Joff Wild

An article by Colleen Chien of Santa Clara University Law School, whose work is regularly quoted by those looking to curb “patent trolls”, neatly illustrates one of the huge problems that currently exists in the debate about their activities: terminology. In other words, what is a troll, an NPE, a PAE and so on; who gets to decide and on what basis is the assessment made? Until we can all agree on the answers to these questions, it seems to me, the chances of there being a meaningful and equitable discussion about what the issues are is going to be nigh on impossible. And if you cannot have such a discussion, how on earth can you begin to think about legislation?

Anyway, let me explain. Chien gives her piece the title "Everything You Need to Know About Trolls (The Patent Kind)"; in it she defines what she means when she uses the term PAE: “A patent “troll” — or the more polite “PAE” (or patent assertion entity, a term I coined) is an entity that asserts patents as their primary business model. The term “PAE” is narrower than the commonly used “NPE” (or non-practicing entity) because PAEs don’t include entities like start-ups and universities whose goal is to get their technologies out there.” You can argue with this definition – and many would – but it is pretty clear what Chien is talking about, even if you do not agree with her.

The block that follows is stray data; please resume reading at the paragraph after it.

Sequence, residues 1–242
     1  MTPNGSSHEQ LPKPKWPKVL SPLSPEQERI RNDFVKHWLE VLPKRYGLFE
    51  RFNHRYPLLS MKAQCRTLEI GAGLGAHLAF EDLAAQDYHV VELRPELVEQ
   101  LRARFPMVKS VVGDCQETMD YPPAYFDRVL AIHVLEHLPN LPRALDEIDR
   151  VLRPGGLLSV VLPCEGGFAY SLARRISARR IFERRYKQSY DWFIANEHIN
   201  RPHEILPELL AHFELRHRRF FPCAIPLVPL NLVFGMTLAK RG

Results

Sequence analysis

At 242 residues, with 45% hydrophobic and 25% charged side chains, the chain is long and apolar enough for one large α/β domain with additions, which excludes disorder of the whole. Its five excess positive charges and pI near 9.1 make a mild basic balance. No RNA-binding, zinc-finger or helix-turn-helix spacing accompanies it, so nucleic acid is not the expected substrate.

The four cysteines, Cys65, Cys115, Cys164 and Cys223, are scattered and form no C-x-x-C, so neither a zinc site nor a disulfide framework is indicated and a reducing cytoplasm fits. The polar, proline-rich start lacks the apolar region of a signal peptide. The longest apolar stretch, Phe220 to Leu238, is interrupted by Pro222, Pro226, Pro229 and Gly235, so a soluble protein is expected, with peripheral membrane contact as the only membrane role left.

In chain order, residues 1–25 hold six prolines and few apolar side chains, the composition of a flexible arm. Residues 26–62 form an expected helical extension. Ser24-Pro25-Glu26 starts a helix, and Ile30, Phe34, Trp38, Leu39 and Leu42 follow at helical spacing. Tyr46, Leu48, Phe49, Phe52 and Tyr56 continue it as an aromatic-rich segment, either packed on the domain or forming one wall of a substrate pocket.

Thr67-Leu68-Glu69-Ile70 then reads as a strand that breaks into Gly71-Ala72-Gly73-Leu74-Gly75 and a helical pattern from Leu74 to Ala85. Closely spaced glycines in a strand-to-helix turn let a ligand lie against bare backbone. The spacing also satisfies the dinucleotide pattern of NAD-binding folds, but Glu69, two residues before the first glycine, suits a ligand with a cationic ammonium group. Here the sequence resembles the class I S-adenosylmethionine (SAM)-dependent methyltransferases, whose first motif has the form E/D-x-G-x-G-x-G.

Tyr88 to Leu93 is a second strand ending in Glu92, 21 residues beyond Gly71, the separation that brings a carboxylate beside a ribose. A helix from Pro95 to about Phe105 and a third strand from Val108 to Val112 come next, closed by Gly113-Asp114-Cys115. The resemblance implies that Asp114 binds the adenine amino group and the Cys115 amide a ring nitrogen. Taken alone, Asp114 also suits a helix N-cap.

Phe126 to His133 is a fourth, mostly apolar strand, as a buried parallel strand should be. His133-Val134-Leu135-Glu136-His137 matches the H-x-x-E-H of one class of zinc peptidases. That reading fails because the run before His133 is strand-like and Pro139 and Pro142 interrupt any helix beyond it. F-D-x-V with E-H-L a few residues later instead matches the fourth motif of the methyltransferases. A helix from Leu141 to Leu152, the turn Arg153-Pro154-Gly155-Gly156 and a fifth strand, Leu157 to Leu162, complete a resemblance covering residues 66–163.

Also in the article, Chien talks about Tessera, which she describes as a technology company. That’s fair enough, given her definition of what a PAE is. However, if I switch to another oft-cited source of information on NPEs, PatentFreedom, I find Tessera listed as having one of the largest NPE patent holdings. So, for Chien Tessera is a technology company; for PatentFreedom it is an NPE. And if I go to another frequently referenced piece of work, The Private and Social Costs of Patent Trolls, written by James Bessen, Jennifer Ford and Michael Meurer, I find a PatentFreedom database being used as a primary source for research that claims that “NPE lawsuits are associated with half a trillion dollars of lost wealth to defendants from 1990 through 2010” and that “the loss of billions of dollars of wealth associated with these lawsuits harms society”. As noted on this blog at the time, this research garnered a great deal of coverage, with headlines including “Patent trolls cost inventors half a trillion dollars” and “Innovation’s down, but patent trolls are thriving”.

Thus, Chien’s technology company is defined elsewhere as an NPE by an organisation whose database has been used to do research that is headlined as being about trolls and which led to a great deal of coverage about how pernicious trolls are. And lo and behold, we find Tessera listed as one of “Tech's 8 Most Fearsome 'Patent Trolls'” in an article put together by Business Insider at the end of last year. The cited source of the information is PatentFreedom, which also lists the likes of InterDigital, WARF, CSIRO and Rambus as NPEs. All are entities which spend tens of millions of dollars a year on R&D.

If one regular source of information on “trolls” considers Tessera to be a technology company, and another considers it to be an NPE, and another equates NPEs with trolls, what chance do we have of ever getting to the truth of what harm, if any, is being done to innovation and the US economy by entities which focus on patent licensing instead of rolling out products and service offerings? I would submit that there is no chance at all. But that, unfortunately, there may be some people out there who are actually quite comfortable with this.